Guđat boddu - Sixth lesson

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Jonne
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Guđat boddu - Sixth lesson

Postby Jonne » 2005-12-18, 12:21

Guđat boddu
[kuđah poddtu]

Gos don orut?

Ánde orru Ohcejogas
Juvvá orru Mázes
Máhtte orru Guovdageainnus
Mun orun Čohkkirasas
Mun orun Johkamohkis


Iŋgá: Gos Biret-Elle lea?
Máhtte: Dat lea boasttas.
Iŋgá: Maid dat doppe?
Máhtte: Dat doalvu dohko reivve.
Iŋgá: Na mun manan vel gávppis.

Biret-Elle: Gos eadni lea?
Máhtte: Eadni lea gávppis.
Biret-Elle: Maid dat doppe?
Máhtte: Dat oastá vel láibbi.

Lásse: Leago Biera juo ruovttus?
Máhtte: Ii leat, dat lea ain skuvllas.
Lásse: Manne?
Máhtte: In mun dieđe.


Sánit:
Guđat - sixth
god - where
duo - there *right there*
boasta, boastta - post-office
boasttas - in a post-office
gávpi [kaav^hpi], gávppi [kaavhpii] - a store,shop
gávppis - in a store/shop
skuvla, skuvlla - school
skuvllas - at school
stohpu, stobu - a house
stobus - in a house
orrut, orun - to live somewhere, to be
Guovdageaidnu [kuovdakeaitnu]
Máze [maatse]
Ohcejohka [ohtsejohka]
Čohkkiras [čohhkiras]
doppe - there
doalvut [toal^vuuht], doalvvun [toalvvuun] - to take sth away
reive, reivve - a letter *the one you can write to someone*
eadni, eatni - mother
ruovttus - at home
ain - still
manne - why
diehtit, dieđán - to know
dáppe - here
ohcat, ozan - to look for sth


Gradation

Strong->weak
it -> itt
lp -> lpp
lk -> lkk

áiti [aaj^hti] -> áitti [aajhttii]
stoalpu [stoal^hpu] -> stoalppu [stoalhpuu]
mielki [miel^hki] -> mielkki [mielhkii]

Strong: note the schwa-vowel. There's a weak h-sound before k,p and t.

Weak: There's a strong h-sound before k,p and t.


Locative

This case is similar to English preposition "in".
It's marked by adding an -s into the end of a word.
Remember the gradation!!

Biila - a car (accusative biilla)
Biillas - in a car

láibi - a bread (accusative láibbi]
láibbis - in a bread


Conjugation of -ut verbs

You already know how to conjugate verbs ending with -at or -it. Now we'll learn the conjugation of -ut verbs.

orrut - to live in somewhere

mun oru-n - i live
don oru-t - you live
son orru - s/he lives

Infinitive: orrut
Negative verb: in oro
Imperative: oro!

Infinitive: doalvut
Negative verb: in doalvvo
Imperative: doalvvo!

Note that the u of 2nd syllable changes to o


Bargovihtát

1. Answer.
a) Leago Iŋgá biillas?
b) Leago Máret gávppis?
c) Leago Mihkkal stobus?

2. Write the questions.
a) ... ? - Mun orun Mázes.
b) ... ? - Áhčči orun Mázes.
c) ... ? - Dat lea ain skuvllas.
d) ... ? - Mun in dieđe.

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Loiks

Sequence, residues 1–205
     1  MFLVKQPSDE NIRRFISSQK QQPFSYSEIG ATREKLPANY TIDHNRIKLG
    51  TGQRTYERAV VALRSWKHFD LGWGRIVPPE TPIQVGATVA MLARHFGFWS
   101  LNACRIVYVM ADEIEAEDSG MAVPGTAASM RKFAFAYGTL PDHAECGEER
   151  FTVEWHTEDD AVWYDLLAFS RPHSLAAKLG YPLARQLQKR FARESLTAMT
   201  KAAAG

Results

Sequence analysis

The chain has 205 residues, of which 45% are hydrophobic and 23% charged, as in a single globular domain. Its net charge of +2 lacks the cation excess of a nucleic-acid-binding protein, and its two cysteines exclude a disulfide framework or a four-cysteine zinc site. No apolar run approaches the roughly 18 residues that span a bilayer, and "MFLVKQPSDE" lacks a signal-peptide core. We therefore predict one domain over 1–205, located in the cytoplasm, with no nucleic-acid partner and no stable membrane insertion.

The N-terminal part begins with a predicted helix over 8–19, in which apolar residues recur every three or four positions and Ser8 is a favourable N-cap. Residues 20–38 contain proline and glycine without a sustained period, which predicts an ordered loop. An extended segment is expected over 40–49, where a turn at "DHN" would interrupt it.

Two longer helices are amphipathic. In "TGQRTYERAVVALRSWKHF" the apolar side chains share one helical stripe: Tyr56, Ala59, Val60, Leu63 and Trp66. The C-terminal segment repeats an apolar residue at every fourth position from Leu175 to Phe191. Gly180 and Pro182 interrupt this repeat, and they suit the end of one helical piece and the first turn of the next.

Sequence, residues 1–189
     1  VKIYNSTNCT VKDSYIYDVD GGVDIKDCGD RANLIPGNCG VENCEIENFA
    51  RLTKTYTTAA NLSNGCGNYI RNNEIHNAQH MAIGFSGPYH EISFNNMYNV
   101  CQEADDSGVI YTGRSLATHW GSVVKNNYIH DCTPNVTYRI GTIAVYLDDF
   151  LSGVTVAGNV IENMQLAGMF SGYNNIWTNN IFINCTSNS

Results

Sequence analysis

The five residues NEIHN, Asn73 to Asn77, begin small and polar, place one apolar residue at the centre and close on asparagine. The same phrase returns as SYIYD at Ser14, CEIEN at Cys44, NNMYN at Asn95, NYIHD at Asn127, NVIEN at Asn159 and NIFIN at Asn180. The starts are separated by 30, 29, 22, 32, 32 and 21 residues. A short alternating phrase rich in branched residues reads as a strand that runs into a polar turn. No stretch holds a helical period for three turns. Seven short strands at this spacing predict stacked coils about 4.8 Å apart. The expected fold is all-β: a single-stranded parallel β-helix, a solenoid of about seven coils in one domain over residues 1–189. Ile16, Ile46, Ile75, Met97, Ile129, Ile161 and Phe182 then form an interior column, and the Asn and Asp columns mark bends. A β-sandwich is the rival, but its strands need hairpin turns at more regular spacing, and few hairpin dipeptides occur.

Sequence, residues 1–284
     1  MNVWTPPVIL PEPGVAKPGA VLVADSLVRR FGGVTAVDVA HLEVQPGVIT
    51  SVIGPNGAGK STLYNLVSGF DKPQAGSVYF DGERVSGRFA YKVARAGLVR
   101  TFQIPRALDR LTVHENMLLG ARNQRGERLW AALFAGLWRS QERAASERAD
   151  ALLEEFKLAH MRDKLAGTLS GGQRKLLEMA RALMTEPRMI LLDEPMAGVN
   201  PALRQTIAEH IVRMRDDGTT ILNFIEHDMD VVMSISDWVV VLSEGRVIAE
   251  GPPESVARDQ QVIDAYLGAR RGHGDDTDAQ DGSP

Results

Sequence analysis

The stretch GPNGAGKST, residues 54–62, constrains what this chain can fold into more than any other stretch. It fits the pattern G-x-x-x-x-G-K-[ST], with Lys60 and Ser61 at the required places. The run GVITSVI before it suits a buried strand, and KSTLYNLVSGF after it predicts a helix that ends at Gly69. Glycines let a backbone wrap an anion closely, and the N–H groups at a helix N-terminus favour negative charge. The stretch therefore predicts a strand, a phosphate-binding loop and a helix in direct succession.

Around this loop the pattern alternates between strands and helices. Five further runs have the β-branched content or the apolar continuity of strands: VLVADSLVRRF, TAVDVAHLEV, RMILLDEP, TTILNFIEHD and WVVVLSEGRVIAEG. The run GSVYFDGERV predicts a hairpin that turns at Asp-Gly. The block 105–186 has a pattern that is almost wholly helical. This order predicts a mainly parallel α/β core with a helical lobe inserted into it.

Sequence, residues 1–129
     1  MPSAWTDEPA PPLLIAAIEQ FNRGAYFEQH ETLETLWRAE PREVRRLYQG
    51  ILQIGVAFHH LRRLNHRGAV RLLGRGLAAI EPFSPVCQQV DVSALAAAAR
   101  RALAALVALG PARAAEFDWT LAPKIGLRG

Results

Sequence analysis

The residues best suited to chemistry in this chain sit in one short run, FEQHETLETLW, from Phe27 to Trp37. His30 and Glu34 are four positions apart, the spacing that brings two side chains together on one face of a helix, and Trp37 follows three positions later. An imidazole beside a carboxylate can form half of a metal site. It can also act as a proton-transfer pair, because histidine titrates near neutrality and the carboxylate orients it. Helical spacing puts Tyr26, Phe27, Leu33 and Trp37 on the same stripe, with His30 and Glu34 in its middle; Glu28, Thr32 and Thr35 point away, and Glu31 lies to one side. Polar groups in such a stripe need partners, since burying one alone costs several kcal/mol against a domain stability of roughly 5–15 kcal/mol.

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Postby Loiks » 2005-12-18, 18:01

Do I get it right: genitive is always in weak grade as in Finnic languages and other cases are done out of genitive stem? And, I've read that there are three grades in Saami actually (as in Estonian), if so, can you give examples?

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Jonne
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Postby Jonne » 2005-12-18, 18:20

Hmmmm where do you see genitive??

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Jonne
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Postby Jonne » 2005-12-18, 18:27

You meant accusative? láibi -> láibbi etc? If so, yeah, other cases are created from accuative (láibbis, láibbii, láibbin etc.)form. And what do you mean with grades? Weak, strong and some mid-one?

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Loiks
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Postby Loiks » 2005-12-18, 18:43

Well, it's hard to explain the three-grade-system in written form. In Estonian ortography d-t-tt for example, where d is a bit weaker than Finnish t and tt is a bit stronger than Finnish tt. t is stronger than Finnish t, like in German without aspiration. Maybe I read it about some other Saami language than you speak about here, something spoken on the coast of Norway (although it should be the same...). :roll:

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Jonne
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Postby Jonne » 2005-12-18, 19:06

Finnish t hasn't got aspiration either.

And hmmm as far as I know, there are only weak and strong forms.


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